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New technology, tools boost virtual experience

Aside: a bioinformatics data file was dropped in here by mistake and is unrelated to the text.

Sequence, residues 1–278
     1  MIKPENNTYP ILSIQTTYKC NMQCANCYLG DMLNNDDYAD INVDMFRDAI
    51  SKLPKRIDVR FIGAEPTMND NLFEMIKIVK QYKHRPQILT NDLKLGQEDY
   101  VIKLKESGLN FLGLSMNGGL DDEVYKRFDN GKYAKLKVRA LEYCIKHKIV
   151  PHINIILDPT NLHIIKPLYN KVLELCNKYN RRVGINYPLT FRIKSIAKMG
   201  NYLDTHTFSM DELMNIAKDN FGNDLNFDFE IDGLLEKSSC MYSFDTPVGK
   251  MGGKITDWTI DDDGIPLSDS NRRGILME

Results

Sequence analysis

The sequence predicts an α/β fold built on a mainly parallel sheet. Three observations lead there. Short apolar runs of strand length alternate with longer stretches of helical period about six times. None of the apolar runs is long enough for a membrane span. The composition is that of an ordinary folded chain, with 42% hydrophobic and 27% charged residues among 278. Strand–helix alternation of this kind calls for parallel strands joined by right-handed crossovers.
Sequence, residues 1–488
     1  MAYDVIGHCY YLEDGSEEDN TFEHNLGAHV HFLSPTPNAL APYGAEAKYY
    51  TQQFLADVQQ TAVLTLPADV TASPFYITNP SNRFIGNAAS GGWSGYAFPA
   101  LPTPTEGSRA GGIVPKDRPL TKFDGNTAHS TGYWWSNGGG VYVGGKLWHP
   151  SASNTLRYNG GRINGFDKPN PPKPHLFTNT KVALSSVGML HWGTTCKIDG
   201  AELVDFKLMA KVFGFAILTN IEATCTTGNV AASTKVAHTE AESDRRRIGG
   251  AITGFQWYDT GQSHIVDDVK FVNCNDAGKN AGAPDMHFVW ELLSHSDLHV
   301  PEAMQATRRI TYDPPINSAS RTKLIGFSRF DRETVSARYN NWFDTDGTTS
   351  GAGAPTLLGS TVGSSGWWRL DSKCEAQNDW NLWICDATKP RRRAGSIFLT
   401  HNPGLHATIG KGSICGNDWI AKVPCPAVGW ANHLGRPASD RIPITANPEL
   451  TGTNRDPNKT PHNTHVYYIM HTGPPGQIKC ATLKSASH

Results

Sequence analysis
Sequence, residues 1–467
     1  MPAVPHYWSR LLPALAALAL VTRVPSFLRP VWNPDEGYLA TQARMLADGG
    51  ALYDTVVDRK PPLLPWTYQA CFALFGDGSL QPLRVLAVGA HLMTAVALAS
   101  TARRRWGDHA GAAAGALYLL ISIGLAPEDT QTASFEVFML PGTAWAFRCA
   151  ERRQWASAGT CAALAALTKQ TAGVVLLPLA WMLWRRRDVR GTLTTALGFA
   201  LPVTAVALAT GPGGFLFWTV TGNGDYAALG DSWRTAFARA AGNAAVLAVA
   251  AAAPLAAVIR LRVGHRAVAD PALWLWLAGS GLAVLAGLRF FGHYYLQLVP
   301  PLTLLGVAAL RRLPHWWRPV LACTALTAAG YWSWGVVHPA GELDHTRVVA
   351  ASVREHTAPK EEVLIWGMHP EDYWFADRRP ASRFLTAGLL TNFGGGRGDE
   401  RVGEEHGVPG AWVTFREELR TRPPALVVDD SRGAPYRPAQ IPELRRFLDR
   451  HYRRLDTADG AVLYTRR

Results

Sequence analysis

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Kate Spellman was promoted to president of UBM Studios, the digital and virtual events division of UBM, in March 2011. Media Business: Where are you seeing new developments boost engagement in virtual environments? Kate Spellman: We're seeing it in gamification. What has been interesting is the level of executives who use the gaming. We had an internal meeting in Shanghai, and we shared that (meeting) through all of the divisions. The activity at a senior level was amazing. It gets people engaged, and it is being used as a learning tool. We are also seeing it in “badging” and social media. Last year, you were able to tweet without leaving the platform. Now we are taking social media to the next step, using tools that show the activities that people in the industry are doing—things that you may feel that you should be doing. It's that transparency, seeing where your boss went. Mobile applications in the event space are really exceeding expectations. We rolled out a couple of mobile apps in June, and we jumped to a handful across UBM; and we have 20-plus now and more in the pipeline. Mobile is something to really watch. You can be walking around the show and looking at a keynote, or finding the booths you want to go to or watching content that you missed. MB: Have you had success with a paid-attendance model? Spellman: We've done a few (environments) that are paid for via the attendees, but that is less than what you would normally see. It's hard to get the attendee to pay. They are not used to paying for online or for events. Now if they pay for (in-person) events, it's easier to tie it into (an online) conference fee. (UBM TechWeb's) Blackhat is a good example of that. I've got good content. People will pay a lot of money to go see that content (in-person), and they will pay to see it online. But it's the behavior that you're already used to that is driving so much of that.
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